The Courier News from Blytheville, Arkansas on September 13, 1952 · Page 7
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The Courier News from Blytheville, Arkansas · Page 7

Blytheville, Arkansas
Issue Date:
Saturday, September 13, 1952
Page 7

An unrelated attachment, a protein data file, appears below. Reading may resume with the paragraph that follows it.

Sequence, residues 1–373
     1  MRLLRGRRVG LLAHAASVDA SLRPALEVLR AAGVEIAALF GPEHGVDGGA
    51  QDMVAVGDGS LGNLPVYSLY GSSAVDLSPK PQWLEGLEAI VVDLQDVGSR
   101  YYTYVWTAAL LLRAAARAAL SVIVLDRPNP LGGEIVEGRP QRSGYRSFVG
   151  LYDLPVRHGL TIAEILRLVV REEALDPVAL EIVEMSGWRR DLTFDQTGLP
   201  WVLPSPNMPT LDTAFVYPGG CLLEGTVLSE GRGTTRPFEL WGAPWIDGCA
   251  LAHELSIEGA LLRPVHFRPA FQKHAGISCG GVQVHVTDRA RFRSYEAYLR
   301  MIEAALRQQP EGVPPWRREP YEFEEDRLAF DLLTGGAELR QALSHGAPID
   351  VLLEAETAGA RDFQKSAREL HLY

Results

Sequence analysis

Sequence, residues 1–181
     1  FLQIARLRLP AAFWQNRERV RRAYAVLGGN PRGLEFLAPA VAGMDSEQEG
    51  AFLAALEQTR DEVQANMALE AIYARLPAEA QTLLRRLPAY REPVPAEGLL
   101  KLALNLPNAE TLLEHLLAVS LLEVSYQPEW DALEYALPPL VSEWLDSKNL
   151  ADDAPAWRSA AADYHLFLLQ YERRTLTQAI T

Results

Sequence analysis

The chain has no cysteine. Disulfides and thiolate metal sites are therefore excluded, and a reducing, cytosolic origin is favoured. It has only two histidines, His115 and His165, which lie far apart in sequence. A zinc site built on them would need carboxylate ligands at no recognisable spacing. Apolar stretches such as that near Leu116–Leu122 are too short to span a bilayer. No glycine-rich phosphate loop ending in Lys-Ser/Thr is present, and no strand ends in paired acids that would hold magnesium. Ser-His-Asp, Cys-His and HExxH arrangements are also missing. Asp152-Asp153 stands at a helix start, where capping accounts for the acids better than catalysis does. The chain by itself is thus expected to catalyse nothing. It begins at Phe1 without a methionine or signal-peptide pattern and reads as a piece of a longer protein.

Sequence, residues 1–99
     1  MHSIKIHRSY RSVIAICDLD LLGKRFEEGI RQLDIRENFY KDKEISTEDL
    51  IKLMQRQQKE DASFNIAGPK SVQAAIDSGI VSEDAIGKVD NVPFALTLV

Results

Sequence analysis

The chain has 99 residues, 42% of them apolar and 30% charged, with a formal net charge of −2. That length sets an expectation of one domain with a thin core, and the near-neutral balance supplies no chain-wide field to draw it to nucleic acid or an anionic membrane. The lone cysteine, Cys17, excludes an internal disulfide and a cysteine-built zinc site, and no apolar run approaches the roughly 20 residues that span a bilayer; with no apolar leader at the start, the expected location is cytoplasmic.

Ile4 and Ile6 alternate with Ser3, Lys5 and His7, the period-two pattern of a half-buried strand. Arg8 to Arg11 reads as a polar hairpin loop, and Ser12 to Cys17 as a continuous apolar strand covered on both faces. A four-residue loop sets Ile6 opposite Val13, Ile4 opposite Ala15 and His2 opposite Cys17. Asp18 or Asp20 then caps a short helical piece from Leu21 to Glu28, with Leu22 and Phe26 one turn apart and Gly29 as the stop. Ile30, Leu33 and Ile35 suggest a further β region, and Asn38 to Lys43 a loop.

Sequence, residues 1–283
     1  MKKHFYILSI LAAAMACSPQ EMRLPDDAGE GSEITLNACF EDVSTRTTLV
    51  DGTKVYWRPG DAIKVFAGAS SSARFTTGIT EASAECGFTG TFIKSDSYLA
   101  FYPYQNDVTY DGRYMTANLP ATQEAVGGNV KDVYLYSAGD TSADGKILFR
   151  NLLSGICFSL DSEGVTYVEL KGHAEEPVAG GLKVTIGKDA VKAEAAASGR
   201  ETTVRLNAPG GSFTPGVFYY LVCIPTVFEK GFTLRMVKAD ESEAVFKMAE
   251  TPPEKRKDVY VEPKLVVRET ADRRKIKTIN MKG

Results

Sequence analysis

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SATURDAY, SEPT. IS, 1952 BLYTHEVILLE (ARK.) COURIER NEWS OUR BOARDING HOUSE — with M.j,, H«*pl« EGAD, rToY5/ DEEDS, MOT :<0S%: W "tHATS IT.'Wf YOU HAD / • WORDS, ARE OeMAMDED OFj? HOW AgOOm IDEA FOR A< A MAM ASPIRIMG TO THE -ff AM AUTO-Z7 SADSET TO PResioeNcy.'~-t MUST ocy|1 MATIC DOOR! CRACK • 6£MF:T|-1|M<C CCtAI \^iUT \AflTU <*,^#\ \HjrTU ^ k * * C/-in >-T-V -,,,,,.~ FRAUGHT WITH VITAL IMPORT TO SAISS i^2ll ELECTRIC ' ' , FAME/— 5HOU11DJJ £V£ 60TKL. T TUCM MY /(CAT CAKJ L6T TALENTS TO - ' VAND i •^U'lU-/ 1 THAT so c , OUT WITH , ,'VDUR \P1P6 , i« & ROD HAS FUEL OIL G.O. POETZ OIL CO. "/ Se// TTiof Sta/f Phone 2089 Office & Bulk Plant—Promised Land JOE ATKIN MACHINE WORKS <OMPIITI IMIIT MITAL IMOF snucrwM m^ « *AI AN* lucraw WILMN* . «IN MPAKI . HACKMMTtt. •*K» • HMBWAM • MACMNI UPAWS BLYTHEVILLE, ARKANSAS PHONES: Day 3142; Night 6153 'This piano is dumb! If you'd put the money into a grind organ and monkey \ could set up a nice little business!" ~—~^^— ..—• The Azores stretch from 800 to 1.200 miles west o( Portugal. NOTICE Your best investment on today's market is a well- built, well-located home. Johnny Mart Realtor & Builder 112 So. 2nd Phone 4111 ALFALFA SEED New Crop OKLAHOMA APPROVED RETAIL 46c PER LB. NO .WEED SEED BLYTHEVILLE SOYBEAN CORP. 1800 West Main St. Phone 856 Blytheville, Ark. THE ONLY GRAIN BIN WITH 6-PLY RIBS EVERY 22V, OF HEIGHT FOR EXTRA STRENGTH EASIEST BIN Of ALL TO IRECT! •Stop in soon, while we still have famous -SIOUX- St.«l grain bins! DISTRIBUTOR Blytheville Soybean Corp. 1800 West Main—Blyttierille Phones 0856 & 6857 /l#. By Edna G. Robin „ OUISE WK3TON Mid Aunt Ella r- 1 had the sunny dining room to .themselves. Harry had gone to his fKisiness, Ted to school. In the kitchen faint tinkling sounds reported that Eleanor was washing .the dishes. Aunt Elta dawdled over her toast and marmalade, grateful for a leisurely breakfast. Her unexpected arrival had been a godsend to Louise, grieving quile sincerely at Vincent's departure for Paris. U had been 30 hard to sink back Into the seemingly futile round of housework from which he had lifted her. Her trips around the city with Vincent had shown her so vividly what she had missed, When Aunt Ella had "dropped in for a little visit" on the very day What Vincent was sailing, her \vel- ^.•omc had been most cordial and sincere. "Louise, dear, I thought at first you were nil wrong," said Aunt Ella, growing confidential in the atmosphere of peace and cheerfulness that pervaded the attractive room. "I used lo think you were 'soft.' I was afraid your marriage had destroyed your sense of values. But after 1 saw your children, I realize that you knew best. Of course I, too, was building for the future, so we were really working for the same ends in a diflerent way. AM perhaps you were wiser than I and chose the belter." "Oil, Aunt Ella." T.ouise gasped in her surprise. "I don't think so at nil. I think you've been wonderful. And it must be such a satisfaction to you to feel your lite has been so worth while. I feel there's a renl grandeur about the way you an<i some of the others have given your lives for the cause." "Humph!" said Aunt Ella, amused by her nir.-c's tardy cn- "Bul aow, you see, my 1 >T Mt* S-rrlf. r« work Is about done and what is left to me? You et least have your family and will always have an interest in life." "Of course that's true, Aunt Ella, but it's hard to know how far you should go in suppressing yourself and in losing yourself in other people's lives. I sometimes feel 've never really lived at all. I've .iad to give up what meant so much to me—my art work—I've had lo devote all my energies to making life smooth and comfortable for olhers. I begin to think that it was very wrong. The children of course h.nd to be looked after, and I don't begrudge (hem a minute lhat I gave them. But I wonder sometimes if I really hnd the right to bury my own life, my own talcnt-r, so completely. Was it fair to Harry? If I had made a fuss at the beginning I think he might have given me more consideration. But I was afraid—afraid lo spoil my home." * * * AUNT ELLA slirrcd her coilce absently as she looked thoughtfully around the room. "But, at least, Louise, you've been comfortable. Things have gone smoothly for you, haven't they? It's so peaceful here and it seems marvelous to me—just to escape the constant turmoil and friction—" "Oh, friction!" Louise frowned but resisted (he impulse to be impatient. "Of course, I try to avoid that." A\int Ell.l was interested hut not entirely convinced that Louise had any real reason for unhappiness or resllessness. She carried the discussion no further, however, but maintained a close survey of the entire household. Aunt Ella, at first taking Louise's little services as a matter of course, began to wonder how her niece could l:e so unf.'ilinrjly calm and cheerful. She felt a gradual irri- tation rising within her at Harry's complacent acceptance of his wife's devotion. It never seemed to occur to him that Louise needed anything more out of life than to care for her home and family. The more she thought of Louise, hopelessly imprisoned in domestic chains, the more angry Aunt Ellen became. "That's the sort of thing we've been fighting for," Aunt Ella told horse!f crossly. "To free women from slavery. But a woman's status in her own home depends so much on her personal relationship to her husband—and upon her own character. I wonder if financial independence would make a difference in every case." For a couple of weeks Aunt Ella enjoyed resting, dawdling in the morning, taking leisurely walks in the afternoon.. Then she suddenly tired of it. "Louise, isn't there something I can do around the house?" she asked abruptly at breakfasl one day. « * • JgUT there wasn't much that Louise could suggest to calm her aunt's growing restlessness. "How can you stand it, Louise," Aunt Ella exclaimed, "to do the same things over and over? It's so monotonous. I begin to feel stifled just watching you." Louise smiled. "That's just what I had to make up my mind to. It wouldn't seem to an outsider that I had made any sacrifices, nut it's the monotony and the mental stagnation that gets on my nerves." A telegram arrived for Aunt Ella one morning and urgent letters from some of her co-workers. She was manifestly relieved and pleased to be sent for. "Louise, dear, I'm going west!" she cried excitedly. "After all. it'j better to he free and lonely, than penned tip even in luxury. I Jecl like an old war-horse sniffing the smoke of baltle. I'm starting off tomorrow. You've been a dear, Louise. If you ever get a chance to spread your wings, don't retus« to do so from a misplaced sense of duty." And Aunt Ella was on her way. U> B* relevision- fonife, Tomorrow VMCT, Memphis. Channel Saturday Mjht 6:00 All Star Revue 7:00 Show of Shows 8:30 Hit Parade 9:00 Juniper Junction 9:30 Wrestling 0:30 News 0:40 C A. Preview 0:45 Film Foaturette 1:10 Weather :1:15 Film Featuretl* 11:30 News 11 45 Sign Off SUNDAY, SEPTEMBER 14, 10S2 0:15 Newsreel 0:30 Candy Carnival, CBS 1:00 Bishop Sheen. DuM 11:30 Frontiers of Fnlth, NBO 2:00 Mr. Wizard 12:30 World's Greatest Slorien 1:00 Burns & Allen. CBS 1:30 Beulch Show. ABC 2:00 Bob Ray. NBC 2:30 Sunday Theatre, NBO 3:00 Zoo Parade, NBC 3:30 Future Unlimited 4:00 Pick n Winner, CBS 4:30 Southerners for Eisenhower 5:00 Roy Rogers 5:30 Meet the Press, NBO 6:00 Big Payoff, NBC 7:00 Playhouse. NBC 8:00 The Doctor, NBO 8:30 Stu Erwln, ABC 9:00 I Love Lucy, CB3 9:30 Washington Spotlight 9:45 Pulse of the City 10:0(1 Names the Same. NBO 10:30 News 10:35 Toast of the Town 11:95 News 11:45 Sign Off MONDAY. SEPTEMBER 1J, 195Z 7:00 Today, NBC 7:25 News 7:30 Today. NBC 7:55 News 8:00 Prologue to Future, NBC 8:30 Breakfast Party, NBO 9:00 Mrs. U.S.A., NBC 9:30 Strike It Rich, CBS 10:00 StoryLand 10:15 Love of Life. CBS 10:30 Search for Tomorrow.CBS 10:45 Morning Meditation 11:00 Film Featurette 11:45 Guiding Light, CBS 12:00 News 12:15 Farm News 12:30 Homemakers Program 1:00 Big Payoff, NBC 1:30 Welcome Travelers, NBC 2:00 Kate Smith, NBC 3:00 Hawkins Falls. JTBO 3:15 Gabby Hayes, NBC • 3:30 Howdy Doody. NBO 4:00 News 4:05 Berl Olswanger 4:30 Space Cadets, ABC 4:45 Hartoons 5:00 Dr. Fixum 5:15 News 5:25 Weather 5:30 Those Two. NBC 5:45 News Caravan, NBO 6:00 Paul Winchcll, NBC 6:30 Howard Barlow, NBC 7:00 Arthur Murray, CBS 7:30 Robert Montgomery, NBC 8:30 Who Said That, NBC 9:00 Slim Rhodes 9:25 News 9:30 Strike It Rich, CBS 10:00 Wrestling 10:45 News 11:00 Film Featurette 11:10 Weather 11:15 News 11:25 Sign Off , COMMERCIAL REFRIGERATION SERVICE Otho Gartner • Over 12 jears experience In the commercial -efrljtcrallon repair business amores yon of expert service. Phone 26.12 Fred Cnllihan Radio Service FALL PLANTING SEED HAIRY VETCH, SEED WHEAT, BARLEY FES CUE AN'D CLOVERS NEW CROP SEED BLYTHEVILLE SOYBEAN CORP. Phone 6856-6857 OUT OUR^WAY FRECKLES AND HIS FKIINDI USEP TO STICK AROUfJD WHEN VDU OPEN6PA PACKASE... MOW THEY RUN LIKE RABBITS--VOU NOTICE THATT WELL, VOL) ORDER A TEACUP TO MATCM A SET AM? tT COMES IKJ A BALE Of HAY OR PAPER.--AMP AFTER TH' WIRE* ARE CLfT ITS TH' KIPS JOB—AMP BCV WHAT A JOB WITHOUT A PITCHFORK/ HOLDtfJf, TilCIK BKr i«n«fit ky Reading and Using C*uri«r Niwi Classified Ad* GLAD YOU START KO BOTTS's CANDIDATE BUT I THOUGHT YOU DISLIKED MR. BOTTS'S CANDIDATE] XlNEVER PASS 'JUDGMENT ON AW MAN TILL I'VE HEARD HIM SPEAK! MOW LET'S SEE WHAT THIS DIM-WITTED CHOWDER-HEAD WE OOT AT1P THAT OZKIM TOTT KEPT A PlARy IN Hr& LOCKS* HERE. MISHT SlVE US, A CL8WTO KILL6I7 hi HW. r *1 FLINT. COWE ON IN THIS WAS) 600[7. THINKS [ Ji/ST POOR iLOOK,BILL_.rM TO HELP VOU WMC.S A MEW START. , I DID Wff OUT TO MEET Til GfcWG, EASY. BUT I WAS LATE, AMP TH6TD 60W&. r DIDW'T KklOW WHERE TILL I REAP M I'VE KNOWM T IT WISHT'UE BE6W VOU. JOE A,L\NAV5...\ EXCEPT FOR A LUCKY TALKED TO'IM IBKEAK! OK MWB6 VOU'D VE&TEEOW... OWLV BE- FACIUG PRISOM, ---;-•--•--——i—" iwwn*, i f TCrMi.viSUT F &KhRT MJD PROFIT By Y COPS FWD OUT I THEIR EXPEK1EUCE..NOW / WNSWT HERE, I'll THAT fClTO G1UEN ItiOlKR BE 5E MT UP,TOO' CHAMCE'. ( THmL-OH.aOStl! I'D FOR60TTEW WE THE TRUTH (kBOUT U5TUISHT 1 . WEU..Tf\UST/Tmi SAY VOU /AND 1VLTEU. TWO HAVE I VOU, SOI, VERY-GLAD THAT RIDE YES, HE'S IN THE WHERE \ LAB TAKING CARE Of THE GEN16...HE... WHAT YOU DOING WITH MV MACHINERY? WHERE IS THE / DOC-.'CEPT 1 ]MACHINE?7f HAVE SENIE? WHAVVE ( 6ENT 'IM BACK Z^ V DONE IT? YOU DONE TO!-' A - -*^ -* WITH MY ) <3l IDP= STARTING RISHT NOW t'/Vi ON A PUT/ ^V HURKY UP, PETUNIA,.' VVE A GET HOME AN' 6TART UP OOWX I I OOKJT